You need to be proficient with Google Data Studio filters – or any data reporting and analysis tools that help you efficiently analyze large datasets – for at least two reasons:
- To show your stakeholders the results of your marketing efforts
- To critically assess the performance of your campaigns in order to identify what’s going wrong and what’s going right so that can make improvements
Plus, generating regular performance reports keeps you accountable. It helps you focus on how you are tracking toward your goals. It alerts you when things start to go off track. And it can even be fun. It is for me anyway; maybe I’m just a little odd.
This article digs into reporting challenges I’ve faced and the techniques I’ve discovered to overcome them. That way, you can scale the hurdles a little easier than I did.
Filter by Campaign Type
I think of campaign type as a way to filter apples from oranges. When you present data, you want to be comparing apples to apples and oranges to, well, you know. (Orange you glad I didn’t say it!)
Filtering by campaign type allows you to clearly display the strengths and weaknesses of different kinds of campaigns. If you just lump all your stats together, you do know how your marketing efforts are performing overall, but you don’t know what campaigns are more effective than others.
To create a report like the one in the screenshot above, you’ll need to create a filter to bring in data for just one campaign type at a time:
- Click on the tile where you will apply the filter
- Click ADD A FILTER
- Select the fields to bring in the data you need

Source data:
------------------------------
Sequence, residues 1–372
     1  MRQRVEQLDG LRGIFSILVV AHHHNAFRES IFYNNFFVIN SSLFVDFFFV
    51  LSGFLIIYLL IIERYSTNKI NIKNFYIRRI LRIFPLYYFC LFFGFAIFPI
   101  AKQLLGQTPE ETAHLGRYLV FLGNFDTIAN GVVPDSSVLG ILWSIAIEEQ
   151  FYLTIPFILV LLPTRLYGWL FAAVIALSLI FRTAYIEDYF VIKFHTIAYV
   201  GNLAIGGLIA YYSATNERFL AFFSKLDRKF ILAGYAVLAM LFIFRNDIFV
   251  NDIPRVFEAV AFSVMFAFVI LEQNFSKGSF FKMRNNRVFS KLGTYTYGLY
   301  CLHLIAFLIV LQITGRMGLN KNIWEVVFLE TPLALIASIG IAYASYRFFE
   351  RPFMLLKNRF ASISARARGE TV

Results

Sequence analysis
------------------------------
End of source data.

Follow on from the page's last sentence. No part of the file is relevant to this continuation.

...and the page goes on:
To bring in the data on my display campaigns, I made these selections for my filter:
Include | Campaign Type | Contains | Display
The final field is the key to differentiating by campaign type. In that last field, you enter the name of the kind of campaign you want to pull data in for.
Currently, there are 5 campaign types:
To create the tiles presenting the total data for all campaigns, you can either…
—Use no filter (if you truly want all the Google Ads data available)
—You can create a filter by campaign type and employ the OR logic to include multiple campaign types
When you want to total up everything that has happened in your account, both of these methods should yield the same results.
If you are interested in being as precise as possible about what campaign types you are reporting on, create a filter like this:
Note the use of the OR operator. This is telling Data Studio to bring in data for campaigns with the type Search or Display or Shopping. That is, this filter is asking that all 3 campaign types be included.
Be Careful Using the AND Operator
Perhaps counterintuitively, using the AND operator would actually narrow your selection—in this case to show data only for a campaign type that contained Search and Display and Shopping, which is not a campaign type that exists. So you’d end up with an error and no data displaying.
Filter by Campaign Name
Filtering by campaign name is a way to report on multiple campaigns of the same campaign type or across campaign types.
In the screenshot above, I show the total and individual stats for 3 shopping campaigns.
To display the stats of each shopping campaign apart from the others, I applied a filter like this:
Include | Campaign | Contains | High
(Note that what I’m calling campaign name here in only referred to as “Campaign” in Data Studio. But be assured that whatever you name your campaign in the Google Ads interface is what you are tapping into with these “Campaign” filters.)
The differentiating factor here is the final bit of text. “High” is the name of the campaign as defined in Google Ads; similarly, I used “Medium” and “Low” in my definitions for the other two filters.
Then, the total row can be generated either by a filter that employs 3 definitions joined by OR, or it can be generated by creating a filter for a campaign type of shopping.
Filter by Campaign ID
Filtering by campaign ID gives you the most control over the data you are bringing into your reports.